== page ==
If you've ever yearned for a holiday that gives you full permission to dive headfirst into delicious Italian cuisine, sit tight because we've got just the treat for you! National Ravioli Day, marked by 2794 posts online has rightfully emerged from the shadows of the pasta world to claim its delicious glory!
It's national ravioli day on the 20th March.
With online citations peaking on 20th March 2016, it's glaringly clear that this day is officially celebrated on 20th March every year. A day when the humble pasta pocket takes center stage and basks in its deserved limelight.
A beloved staple of Italian cuisine, ravioli consists of two layers of thin pasta dough encasing a delicious filling that may include anything from ricotta cheese to lobster. Early forms of Ravioli were already present in the Middle Ages when its simple and inexpensive production made it popular with the peasantry. Over time, it evolved into a wide variety of delicious culinary creations, making its way to celebrate tables and top-of-the-line restaurants, winning over hearts (and stomachs) worldwide.
Many people mark this day by preparing and devouring various types of ravioli that even the Ninja Turtles would be jealous of. Some choose to make homemade ravioli, exploring new fillings, while others prefer to dine in Italian restaurants. As it is a celebration of food, there's really no wrong way to celebrate, as long as pasta is involved!
According to the book of Guinness World Records, the largest ravioli ever recorded had a total area of 3.79 sq m (40.78 sq ft), prepared by Italy's Pastificio Gaetarelli. How's that for an ultimate ravioli indulgence!
Ravioli, the beloved stuffed pasta dish, traces its origins back to Italy in the 14th century. The word 'ravioli' itself is derived from the Italian verb 'ravvolgere,' meaning 'to wrap.' In the medieval times, ravioli was a popular dish among sailors, as it was easy to carry and had a long shelf life. It was believed to provide the necessary sustenance during long voyages at sea.
During the Renaissance in Italy, ravioli gained popularity amongst the nobility. Ravioli was incorporated into feasts and banquets, showcasing various fillings and creative shapes. The court of Duke Emanuele Filiberto II of Savoy in Turin, Italy, even had a personal ravioli chef. This period marked the transition of ravioli from a basic staple to a celebrated dish with an emphasis on culinary artistry.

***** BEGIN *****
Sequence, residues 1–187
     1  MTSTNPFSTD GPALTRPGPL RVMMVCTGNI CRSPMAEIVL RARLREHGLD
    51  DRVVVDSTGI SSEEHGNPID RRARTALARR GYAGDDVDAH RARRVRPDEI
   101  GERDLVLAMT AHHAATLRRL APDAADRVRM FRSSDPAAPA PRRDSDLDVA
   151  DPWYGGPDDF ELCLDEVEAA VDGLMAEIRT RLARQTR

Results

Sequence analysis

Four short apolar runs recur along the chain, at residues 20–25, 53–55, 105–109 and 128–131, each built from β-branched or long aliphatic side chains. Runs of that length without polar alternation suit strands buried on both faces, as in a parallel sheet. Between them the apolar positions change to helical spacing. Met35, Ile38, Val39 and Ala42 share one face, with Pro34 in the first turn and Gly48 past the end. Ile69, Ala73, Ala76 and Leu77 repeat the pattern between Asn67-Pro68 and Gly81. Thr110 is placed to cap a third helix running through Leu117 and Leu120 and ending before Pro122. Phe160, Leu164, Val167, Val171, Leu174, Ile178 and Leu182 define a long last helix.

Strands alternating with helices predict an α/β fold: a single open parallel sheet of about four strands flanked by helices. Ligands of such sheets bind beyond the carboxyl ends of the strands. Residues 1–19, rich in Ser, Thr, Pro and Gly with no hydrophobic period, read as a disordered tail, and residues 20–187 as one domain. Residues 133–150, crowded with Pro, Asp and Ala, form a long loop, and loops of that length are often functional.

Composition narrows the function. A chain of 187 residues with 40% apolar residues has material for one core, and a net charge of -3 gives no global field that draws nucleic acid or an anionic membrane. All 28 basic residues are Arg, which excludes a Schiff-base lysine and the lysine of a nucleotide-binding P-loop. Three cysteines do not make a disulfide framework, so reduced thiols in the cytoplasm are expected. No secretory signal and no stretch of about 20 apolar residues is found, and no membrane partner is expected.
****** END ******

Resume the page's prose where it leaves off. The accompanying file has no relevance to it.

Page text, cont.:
In the 19th century, Italian immigrants arrived on the shores of the United States, bringing their rich culinary traditions. Ravioli quickly found its way into the hearts and kitchens of Italian-American communities. Although initially prepared at home, ravioli soon gained popularity in restaurants and became a symbol of Italian-American cuisine. Ravioli became a staple on menus across the country and continues to be loved by Americans today.
With the rise of industrialization and food processing techniques in the 20th century, ravioli transitioned into a commercially produced product. Canned ravioli became a convenient and affordable option for busy households. In 1938, Chef Boyardee (Ettore Boiardi) introduced canned ravioli to the American market, further popularizing the dish and making it readily available to a wider audience.
Today, ravioli has captured the hearts and taste buds of people around the world. It has become a versatile dish, with an array of fillings and sauces to suit different palates. Chefs worldwide have embraced ravioli, incorporating international flavors and innovative techniques. Whether enjoyed in fine dining establishments or as a cozy homemade meal, ravioli continues to be a beloved dish that showcases the artistry and deliciousness of pasta.
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